By the time the second report is being typed six weeks later, the situation is being called ”a significant risk to Dunedin City Council in terms of the financial implications and the potential hazard to the environment”.
    Read more

    Related Posts and Comments:
    19.2.13 Dunedin Events: Gasworks150 + Heritage Impact150
    13.5.10 Dunedin City Council preserves Dunedin Gasworks Museum

  3. Back around 2003/04, Cr Jeremy Belcher became aware of this pit containing around 1,000,000 litres of tar and distillate. When he queried as to what was proposed to do about it as he was of the opinion that it was an extreme hazard to the environment, he was told by staff at the time to ‘butt out’ and forget about it. Cr Belcher thereupon set out to make some enquiries on his own behalf. He found that this material had a substantial value as it could be refined down to its basic components and used effectively. There are creasotes, tar, diesel distillates and numerous chemicals inherent in the stuff. He even located an operation in Christchurch which would do the distillation and it was estimated that the end value would be many tens if not hundreds of thousands of dollars in value. Plus removing the hazard. He wrote up a report on his findings and presented it to the council. It was binned and he was told that it was not his function to do this work as it was staff’s field. And that was that. He still wonders to this day what, if anything was done about it. Now we know. The time bomb is still ticking.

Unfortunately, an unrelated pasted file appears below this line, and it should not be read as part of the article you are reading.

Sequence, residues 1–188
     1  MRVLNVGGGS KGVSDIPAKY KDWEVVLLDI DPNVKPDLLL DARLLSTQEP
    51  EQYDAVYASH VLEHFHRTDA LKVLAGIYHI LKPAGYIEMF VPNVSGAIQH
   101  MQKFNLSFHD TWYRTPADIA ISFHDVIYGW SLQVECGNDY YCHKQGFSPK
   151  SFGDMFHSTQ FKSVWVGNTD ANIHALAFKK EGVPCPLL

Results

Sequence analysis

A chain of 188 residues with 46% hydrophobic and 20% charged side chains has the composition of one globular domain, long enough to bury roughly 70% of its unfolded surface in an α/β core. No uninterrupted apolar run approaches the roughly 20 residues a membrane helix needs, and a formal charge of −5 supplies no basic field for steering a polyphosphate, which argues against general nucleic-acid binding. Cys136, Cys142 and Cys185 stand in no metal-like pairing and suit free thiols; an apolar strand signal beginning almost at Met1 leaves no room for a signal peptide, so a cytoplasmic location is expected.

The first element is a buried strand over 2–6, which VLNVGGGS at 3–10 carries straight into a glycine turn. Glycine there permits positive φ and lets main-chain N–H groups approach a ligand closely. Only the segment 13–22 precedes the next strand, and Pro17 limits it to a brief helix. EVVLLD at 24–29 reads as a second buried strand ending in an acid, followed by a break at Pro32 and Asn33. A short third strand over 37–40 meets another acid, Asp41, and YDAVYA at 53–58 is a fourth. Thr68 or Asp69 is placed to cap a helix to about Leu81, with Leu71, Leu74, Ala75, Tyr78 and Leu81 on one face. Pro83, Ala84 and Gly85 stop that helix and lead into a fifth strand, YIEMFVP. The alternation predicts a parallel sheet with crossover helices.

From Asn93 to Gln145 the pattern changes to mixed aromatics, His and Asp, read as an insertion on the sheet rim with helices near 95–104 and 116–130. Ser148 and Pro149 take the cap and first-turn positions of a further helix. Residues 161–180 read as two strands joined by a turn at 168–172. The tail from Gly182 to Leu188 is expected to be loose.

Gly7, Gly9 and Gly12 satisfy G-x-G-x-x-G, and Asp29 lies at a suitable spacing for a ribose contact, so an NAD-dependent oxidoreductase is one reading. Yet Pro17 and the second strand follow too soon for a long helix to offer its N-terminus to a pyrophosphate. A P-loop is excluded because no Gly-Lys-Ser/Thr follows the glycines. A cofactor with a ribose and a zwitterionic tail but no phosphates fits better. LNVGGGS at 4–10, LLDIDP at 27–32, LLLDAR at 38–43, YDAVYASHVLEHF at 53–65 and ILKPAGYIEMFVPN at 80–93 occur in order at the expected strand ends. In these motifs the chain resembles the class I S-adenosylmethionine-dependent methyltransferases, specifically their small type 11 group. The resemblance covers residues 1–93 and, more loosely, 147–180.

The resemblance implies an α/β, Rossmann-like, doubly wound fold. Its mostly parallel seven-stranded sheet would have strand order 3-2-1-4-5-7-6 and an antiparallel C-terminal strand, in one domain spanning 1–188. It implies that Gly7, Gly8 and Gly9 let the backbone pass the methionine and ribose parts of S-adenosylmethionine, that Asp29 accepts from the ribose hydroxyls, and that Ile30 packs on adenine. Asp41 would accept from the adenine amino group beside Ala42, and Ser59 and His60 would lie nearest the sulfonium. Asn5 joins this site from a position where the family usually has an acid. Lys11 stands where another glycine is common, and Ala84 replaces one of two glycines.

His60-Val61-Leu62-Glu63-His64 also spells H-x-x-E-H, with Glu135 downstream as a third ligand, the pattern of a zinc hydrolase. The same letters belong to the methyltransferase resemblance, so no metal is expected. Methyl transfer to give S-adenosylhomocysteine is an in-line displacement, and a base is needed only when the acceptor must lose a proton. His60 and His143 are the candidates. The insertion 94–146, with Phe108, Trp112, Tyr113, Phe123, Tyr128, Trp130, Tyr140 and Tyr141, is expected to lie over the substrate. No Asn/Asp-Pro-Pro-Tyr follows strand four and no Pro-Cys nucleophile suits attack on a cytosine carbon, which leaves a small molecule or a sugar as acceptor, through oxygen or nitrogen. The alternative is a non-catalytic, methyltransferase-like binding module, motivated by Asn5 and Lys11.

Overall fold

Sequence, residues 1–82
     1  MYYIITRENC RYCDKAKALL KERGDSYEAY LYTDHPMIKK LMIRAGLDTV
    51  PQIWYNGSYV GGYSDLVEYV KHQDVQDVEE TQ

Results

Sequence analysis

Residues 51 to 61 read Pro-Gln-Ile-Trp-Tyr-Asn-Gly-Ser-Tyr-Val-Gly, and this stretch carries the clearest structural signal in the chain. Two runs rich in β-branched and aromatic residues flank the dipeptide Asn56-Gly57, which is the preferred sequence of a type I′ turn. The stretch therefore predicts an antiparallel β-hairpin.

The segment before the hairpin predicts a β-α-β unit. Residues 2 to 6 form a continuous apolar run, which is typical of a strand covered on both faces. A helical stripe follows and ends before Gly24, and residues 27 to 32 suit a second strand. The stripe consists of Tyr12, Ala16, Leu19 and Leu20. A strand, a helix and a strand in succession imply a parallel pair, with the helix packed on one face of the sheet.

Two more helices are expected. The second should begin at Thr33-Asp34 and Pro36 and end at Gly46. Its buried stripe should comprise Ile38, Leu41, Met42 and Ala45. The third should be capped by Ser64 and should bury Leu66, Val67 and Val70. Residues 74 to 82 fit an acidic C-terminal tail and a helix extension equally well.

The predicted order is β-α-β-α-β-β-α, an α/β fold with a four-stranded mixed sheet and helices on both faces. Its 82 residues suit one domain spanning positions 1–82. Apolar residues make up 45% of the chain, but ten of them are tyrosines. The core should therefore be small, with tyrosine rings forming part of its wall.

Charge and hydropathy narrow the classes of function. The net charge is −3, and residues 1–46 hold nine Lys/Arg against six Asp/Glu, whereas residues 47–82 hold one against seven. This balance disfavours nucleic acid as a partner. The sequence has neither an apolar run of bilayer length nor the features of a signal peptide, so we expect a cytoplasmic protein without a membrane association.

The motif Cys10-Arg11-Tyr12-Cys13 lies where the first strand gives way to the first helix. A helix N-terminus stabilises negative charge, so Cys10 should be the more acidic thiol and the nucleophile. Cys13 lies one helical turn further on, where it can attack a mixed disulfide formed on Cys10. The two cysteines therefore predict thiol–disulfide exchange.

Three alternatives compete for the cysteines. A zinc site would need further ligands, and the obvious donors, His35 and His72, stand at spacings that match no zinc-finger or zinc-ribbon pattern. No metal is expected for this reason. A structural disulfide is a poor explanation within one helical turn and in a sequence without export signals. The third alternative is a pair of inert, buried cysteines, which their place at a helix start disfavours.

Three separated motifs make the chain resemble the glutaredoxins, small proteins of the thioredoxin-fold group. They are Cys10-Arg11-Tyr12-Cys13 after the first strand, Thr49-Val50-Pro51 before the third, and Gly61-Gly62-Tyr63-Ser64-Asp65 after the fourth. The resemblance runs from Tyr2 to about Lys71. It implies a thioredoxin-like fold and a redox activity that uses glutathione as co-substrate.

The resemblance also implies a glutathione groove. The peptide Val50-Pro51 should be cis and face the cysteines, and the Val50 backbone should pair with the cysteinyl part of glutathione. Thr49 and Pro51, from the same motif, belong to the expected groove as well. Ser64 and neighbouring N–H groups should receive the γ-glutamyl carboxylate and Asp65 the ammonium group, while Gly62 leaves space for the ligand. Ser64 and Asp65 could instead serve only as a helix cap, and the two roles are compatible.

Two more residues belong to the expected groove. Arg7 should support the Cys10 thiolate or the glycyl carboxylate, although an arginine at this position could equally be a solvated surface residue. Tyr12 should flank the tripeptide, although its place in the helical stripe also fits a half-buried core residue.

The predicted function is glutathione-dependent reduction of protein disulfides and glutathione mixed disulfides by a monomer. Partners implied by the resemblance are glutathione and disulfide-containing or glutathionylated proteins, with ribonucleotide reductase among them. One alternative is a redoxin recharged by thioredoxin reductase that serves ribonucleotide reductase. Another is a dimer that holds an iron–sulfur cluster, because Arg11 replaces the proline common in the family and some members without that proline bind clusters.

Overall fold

{Earlier reference made by Calvin Oaten here (Sep 2012). -Eds}

  4. Jeremy Belcher